Q: “It’s post-pandemic times and I’m so lonely after being socially distanced as a single woman for a year. In the Before Times, I wasn’t opposed to bringing someone back to my home if I wanted to get together with them, even if I had just met them. Now, though, I feel so awkward and self-conscious (both about how I look after wearing sweatpants for a year, and just, like, on a safety level). Help! I feel my sexual and social mojo is broken.”
Rachel L., New Jersey
A: Rachel, you’re the woman of the year. Not just ours—the nation’s. Because every therapist, sexual wellness expert and single woman we spoke to felt many of the same things that you describe But luckily, these advisors have some tips and tricks for managing the new post-quarantine dating scene, as well as your own anxiety.
Truth #1: You’re Not Alone—A Lot of People Are Anxious About Dating and Sex Right Now
According to sex therapist Tammy Nelson, clients are expressing major anxiety about re-entry to not only work and socializing but also to their old sex habits. “Loss of social skills, bad home haircuts, extra pandemic pounds,” Nelson writes. “As the reality hits, lots of people are freaking out.”
The first step, experts agree, is to acknowledge your discomfort. According to Vienna Pharaon, New York City-based marriage and family therapist, “Managing anxiety requires us to gently acknowledge it first and spend some time with it. It is better for us to get to know it than to deny and hide it.” (She co-founded an online mental health app called Mine’d to help clients do just that.) “A great reminder is remembering that we are all in this together. The insecurities, fears and doubts you might have are probably showing up in one way or another for [potential partners] too,” she says.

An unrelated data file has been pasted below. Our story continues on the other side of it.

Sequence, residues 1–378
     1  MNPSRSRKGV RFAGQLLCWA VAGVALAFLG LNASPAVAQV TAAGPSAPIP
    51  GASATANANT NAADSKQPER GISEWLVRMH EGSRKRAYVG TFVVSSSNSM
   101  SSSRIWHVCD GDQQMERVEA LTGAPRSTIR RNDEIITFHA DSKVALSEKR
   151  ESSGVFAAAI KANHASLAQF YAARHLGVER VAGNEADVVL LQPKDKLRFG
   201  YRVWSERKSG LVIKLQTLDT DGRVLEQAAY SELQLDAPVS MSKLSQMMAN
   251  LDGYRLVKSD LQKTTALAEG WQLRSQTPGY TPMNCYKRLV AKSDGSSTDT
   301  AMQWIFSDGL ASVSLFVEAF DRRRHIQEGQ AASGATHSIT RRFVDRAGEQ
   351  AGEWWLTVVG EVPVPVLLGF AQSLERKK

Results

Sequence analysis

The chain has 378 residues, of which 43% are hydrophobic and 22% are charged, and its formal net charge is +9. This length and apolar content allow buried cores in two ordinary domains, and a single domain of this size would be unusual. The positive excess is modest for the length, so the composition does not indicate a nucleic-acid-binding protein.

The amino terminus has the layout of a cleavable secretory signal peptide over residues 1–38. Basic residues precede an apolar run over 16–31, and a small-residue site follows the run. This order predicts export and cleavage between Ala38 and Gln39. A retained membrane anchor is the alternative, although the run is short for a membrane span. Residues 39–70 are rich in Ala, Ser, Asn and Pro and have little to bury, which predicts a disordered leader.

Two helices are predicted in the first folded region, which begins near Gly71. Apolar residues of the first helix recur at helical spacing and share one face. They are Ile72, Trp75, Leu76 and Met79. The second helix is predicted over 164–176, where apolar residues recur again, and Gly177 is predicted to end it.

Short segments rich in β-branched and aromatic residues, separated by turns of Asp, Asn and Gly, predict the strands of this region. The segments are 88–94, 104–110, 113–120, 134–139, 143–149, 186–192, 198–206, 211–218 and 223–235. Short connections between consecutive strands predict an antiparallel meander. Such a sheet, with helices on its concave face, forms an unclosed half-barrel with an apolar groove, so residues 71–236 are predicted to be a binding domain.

Truth #2: Practice Makes Perfect
So once you’ve noted your anxiety, how do you move past it? Baby steps, says Emily Morse, sex podcaster and “the Dr. Ruth of a new generation” according to the New York Times. “After a year of social distancing, many of us have forgotten how to flirt and date IRL. The good news is that with practice you’ll be stronger and sexier than ever before.” On a recent episode of her podcast Sex with Emily, she reminds listeners to meet the gaze of someone they are interested in, approach them from the front so as not to startle them and to brush against them (but not in a creepy Hollywood producer way) while talking to let them know you’re interested.
Alternatively, the experts are clear that you shouldn’t beat yourself up if you’re not out swinging from chandeliers—or getting as lucky with tons of partners—as you did before the pandemic. Austin, Texas-based Tammy Shaklee, LGBTQ ally and advocate and proprietor of H4M matchmaking service, says “I personally think the past prolific hook-up culture has been tempered a bit, at least for now. I hear singles being more discerning. Meaning, if this could potentially be a risk, is this the person I would risk it for? Just because you took the vaccine seriously does not mean your fellow single did the same. If they express their justification for not taking the vaccine, is this person worth a hookup?”
Truth #3: Be Clear with Yourself and Your Date
“Instead of more open-ended questions, I hear folks asking WHEN did you have COVID? What date was your second vaccine shot?” Shaklee says. “More people [are] taking personal responsibility to make sure it’s been two weeks since the second shot. We are seeking signs of responsibility, self-control and due diligence in personal and public health.”
Marriage and family therapist Pharaon concurs: “Whether you’re looking for something serious, a fun summer fling or a hookup, it’s really important to get clear on what you need in order to feel comfortable and safe. Take some time to consider what matters to you: Do you care if someone is vaccinated? Are you only interested in people who are dating one person at a time? Do you want to know more about their lifestyle so you can determine whether it feels comfortable for you? She also recommends that while online or IRL dating doesn’t need to drastically change due to COVID concerns, “It’s probably good to start off a bit slower as your system acclimatizes” and “check in with yourself and how you are feeling” after swiping, texting and dating. That way, returning to in-person dates is not only a way to return to sex, but also an exercise in improving your self-knowledge about what you do and don’t like in a relationship, even if the relationship is one that lasts only a few hours.
Our favorite expert tip, though, has little to do with the “inside job” of esteem-building. It comes from matchmaker Shaklee, and it’s one we can easily embrace—shopping. As she puts it, “If you, like many of us, gained the Covid 15 or 20 pounds,” then [go out and buy] some nice, new formfitting and comfortable clothes and undergarments that rock those new curves.”
After all, a little retail therapy never hurt nobody.